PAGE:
Part of the attraction has been corporate tax rates on offer that are lower than the basic rate of 17 per cent, compared with 16.5 per cent in Hong Kong, where there is a much smaller set of commodity traders focused mostly on base metals.

Commodity derivatives are the fastest-growing part of business on SGX, the Singapore exchange. Global exchanges are building up their Asian presence through acquisitions in Singapore, with IntercontinentalExchange buying the Singapore Mercantile Exchange and Deutsche Börse’s plans to build a clearing house in the city-state.

In forex, Singapore overtook Tokyo last year to become the largest hub in Asia and third-largest after London and New York. Financial services now accounts for 12 per cent of Singapore’s gross domestic product, not that far behind Hong Kong on 16 per cent, official data show.

Yet Hong Kong still overshadows Singapore in wealth management, and has more billionaires than its smaller rival: 82 versus 32, according to Wealth-X, a research company.

The two centres combined are expected to overtake global leader Switzerland, possibly by 2015, according to the Boston Consulting Group. It reckons that, as of the end of 2013, total assets under management in Hong Kong were $2.2tn, just behind Switzerland on $3.7tn. Singapore came third with $1.4tn.

The longer-term threat for Singapore, bankers say, is from Hong Kong’s growing role as a gateway to and from China's maturing capital markets.

Hong Kong Exchanges & Clearing, which has teamed up with its counterpart in Shanghai on the “stock connect” project, has ambitions to expand in renminbi-denominated assets, including commodities, in anticipation of China opening its capital account. Its purchase last year of theLondon Metal Exchange was one step in that direction.

For bankers, though, Singapore’s attraction partly lifestyle: it is largely pollution-free, unlike Hong Kong, and has more urban green space than its densely high-rise northern neighbour.

Accommodation is cheaper, too. Savills, the property agency, estimates that prime residential rents in Singapore average $1,711 per week, versus $2,446 in Hong Kong – the most expensive city in the world*.

Joel Hurewitz, who heads product strategy for Asia Pacific at broker Instinet, has lived in Hong Kong for the past 14 years. He says he has seen a number of broking colleagues “decide that they’ve had enough with the partying in Hong Kong”.

“So, when it comes time to launch a hedge fund, for example, Singapore seems the obvious choice as a lifestyle move,” he says. That may explain why, according to the Monetary Authority of Singapore, hedge fund assets under management in the city state jumped 21 per cent in 2013 to S$89bn.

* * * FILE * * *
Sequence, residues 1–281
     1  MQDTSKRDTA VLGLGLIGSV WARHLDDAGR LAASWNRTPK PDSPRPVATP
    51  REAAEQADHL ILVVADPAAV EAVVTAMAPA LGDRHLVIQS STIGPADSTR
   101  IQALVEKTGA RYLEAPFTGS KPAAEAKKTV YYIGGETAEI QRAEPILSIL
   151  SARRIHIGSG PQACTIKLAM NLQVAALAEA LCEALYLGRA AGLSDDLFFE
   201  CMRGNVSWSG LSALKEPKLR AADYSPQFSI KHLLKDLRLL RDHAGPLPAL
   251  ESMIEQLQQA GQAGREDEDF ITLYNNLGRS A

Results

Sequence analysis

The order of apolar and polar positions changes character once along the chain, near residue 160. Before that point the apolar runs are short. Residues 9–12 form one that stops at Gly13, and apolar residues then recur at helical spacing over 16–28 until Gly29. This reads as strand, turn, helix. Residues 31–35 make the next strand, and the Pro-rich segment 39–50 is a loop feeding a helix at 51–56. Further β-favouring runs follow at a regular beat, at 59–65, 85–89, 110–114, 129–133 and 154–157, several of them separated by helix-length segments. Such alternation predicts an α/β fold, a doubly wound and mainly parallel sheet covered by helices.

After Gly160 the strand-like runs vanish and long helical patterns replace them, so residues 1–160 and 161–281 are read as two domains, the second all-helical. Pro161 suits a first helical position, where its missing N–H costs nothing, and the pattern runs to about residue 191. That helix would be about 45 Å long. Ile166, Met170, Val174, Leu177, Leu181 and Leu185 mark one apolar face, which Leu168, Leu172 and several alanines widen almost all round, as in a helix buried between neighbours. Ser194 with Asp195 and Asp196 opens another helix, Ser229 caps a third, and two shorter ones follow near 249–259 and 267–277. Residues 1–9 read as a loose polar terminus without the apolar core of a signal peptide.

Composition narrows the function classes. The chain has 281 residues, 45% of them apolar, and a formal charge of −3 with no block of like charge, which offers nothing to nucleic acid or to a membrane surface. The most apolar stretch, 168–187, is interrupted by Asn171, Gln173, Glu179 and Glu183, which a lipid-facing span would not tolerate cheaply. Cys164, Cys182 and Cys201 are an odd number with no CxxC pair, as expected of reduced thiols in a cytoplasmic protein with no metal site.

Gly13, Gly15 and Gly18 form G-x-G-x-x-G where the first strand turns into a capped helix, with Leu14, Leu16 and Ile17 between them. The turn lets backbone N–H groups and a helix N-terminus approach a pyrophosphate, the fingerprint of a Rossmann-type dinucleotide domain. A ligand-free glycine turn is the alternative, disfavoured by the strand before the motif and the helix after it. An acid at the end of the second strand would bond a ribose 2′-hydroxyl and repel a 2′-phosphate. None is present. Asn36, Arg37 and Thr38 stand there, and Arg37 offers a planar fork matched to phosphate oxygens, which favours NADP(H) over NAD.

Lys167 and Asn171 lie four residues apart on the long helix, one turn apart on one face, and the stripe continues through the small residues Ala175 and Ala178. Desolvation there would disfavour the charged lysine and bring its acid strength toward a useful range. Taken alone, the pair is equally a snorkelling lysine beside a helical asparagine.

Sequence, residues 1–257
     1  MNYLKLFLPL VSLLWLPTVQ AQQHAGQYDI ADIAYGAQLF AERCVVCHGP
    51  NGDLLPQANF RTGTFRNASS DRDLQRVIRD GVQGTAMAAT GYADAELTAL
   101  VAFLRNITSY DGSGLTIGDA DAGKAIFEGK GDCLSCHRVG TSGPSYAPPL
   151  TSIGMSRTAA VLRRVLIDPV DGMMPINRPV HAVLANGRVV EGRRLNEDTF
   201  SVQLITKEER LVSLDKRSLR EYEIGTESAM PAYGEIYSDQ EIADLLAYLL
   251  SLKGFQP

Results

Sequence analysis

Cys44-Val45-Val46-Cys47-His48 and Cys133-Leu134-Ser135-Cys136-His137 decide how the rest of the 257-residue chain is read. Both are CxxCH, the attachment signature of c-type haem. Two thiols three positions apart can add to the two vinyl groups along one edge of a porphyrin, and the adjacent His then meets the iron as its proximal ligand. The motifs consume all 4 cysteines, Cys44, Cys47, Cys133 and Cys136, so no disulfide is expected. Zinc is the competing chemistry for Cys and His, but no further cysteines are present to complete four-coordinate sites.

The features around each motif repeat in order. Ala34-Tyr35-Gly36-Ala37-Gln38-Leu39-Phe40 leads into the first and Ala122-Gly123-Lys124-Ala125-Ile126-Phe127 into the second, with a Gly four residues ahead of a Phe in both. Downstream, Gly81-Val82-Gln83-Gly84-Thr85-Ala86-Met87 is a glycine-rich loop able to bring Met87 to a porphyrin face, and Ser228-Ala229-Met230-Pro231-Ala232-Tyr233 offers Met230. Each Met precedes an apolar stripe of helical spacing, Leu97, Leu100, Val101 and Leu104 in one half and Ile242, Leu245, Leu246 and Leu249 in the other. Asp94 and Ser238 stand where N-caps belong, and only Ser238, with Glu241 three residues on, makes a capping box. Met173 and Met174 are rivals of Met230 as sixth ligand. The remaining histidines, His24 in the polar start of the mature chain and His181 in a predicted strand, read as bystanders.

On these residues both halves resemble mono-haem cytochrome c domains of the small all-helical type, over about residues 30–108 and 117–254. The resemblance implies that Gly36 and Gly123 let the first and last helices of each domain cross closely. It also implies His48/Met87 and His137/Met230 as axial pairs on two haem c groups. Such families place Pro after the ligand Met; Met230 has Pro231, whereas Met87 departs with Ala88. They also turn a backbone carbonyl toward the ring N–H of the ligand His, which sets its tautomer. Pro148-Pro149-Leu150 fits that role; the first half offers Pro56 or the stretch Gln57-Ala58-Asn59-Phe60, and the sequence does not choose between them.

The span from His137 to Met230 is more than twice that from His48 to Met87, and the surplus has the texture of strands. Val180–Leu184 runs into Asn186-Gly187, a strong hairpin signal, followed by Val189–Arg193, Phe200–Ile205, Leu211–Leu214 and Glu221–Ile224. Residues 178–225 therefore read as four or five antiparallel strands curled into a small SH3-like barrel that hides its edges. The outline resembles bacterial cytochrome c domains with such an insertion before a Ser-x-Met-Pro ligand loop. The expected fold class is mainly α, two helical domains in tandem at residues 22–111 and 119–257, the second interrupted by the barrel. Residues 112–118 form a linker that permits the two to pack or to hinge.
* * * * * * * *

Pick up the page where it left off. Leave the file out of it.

Both Singapore and Hong Kong are former British colonies, with similar legal systems based on English common law and courts that have expertise in hearing commercial cases.

But some lawyers suggest Singapore could benefit from creeping doubt in Hong Kong over how the neutrality of its judicial system – a bedrock of its success as a financial centre – can be safeguarded since the publication in June of a white paper by China that called on judges to be “patriotic”. The political fallout from the recent “Occupy Central” protests have fuelled such concerns.

“I think what’s embedded in Singapore is the fact that it’s the ultimate neutral venue in Asia. Hong Kong – even without the recent problems – is not that, in the sense that it has a strong China bent,” says Prakash Pillai, a partner in the Singapore office of law firm Clyde & Co.

For those wondering which Asian financial centre is likely to emerge as dominant in the short term the answer may be neither.

In a study on Singapore and Hong Kong as financial centres published in July, the International Monetary Fund pointed out that Singapore and Hong Kong increasingly complement each other by serving two distinct regions: north Asia and China in the case of Hong Kong and Southeast Asia for Singapore.

But for many Shanghai is the ultimate threat. Its free-trade zone is the clearest sign of the city’s ambitions to become the region’s financial centre, eventually rivalling London and New York.

Jim Rogers, the commodities guru who has made Singapore his home since 2007, says: “Hong Kong and Singapore have a window before China fully opens up. Before the second world war Shanghai was the largest financial centre along with London and New York – and it will be again.”


*This article has been amended since original publication to reflect the fact that prime residential rents in Singapore are not half those in Hong Kong.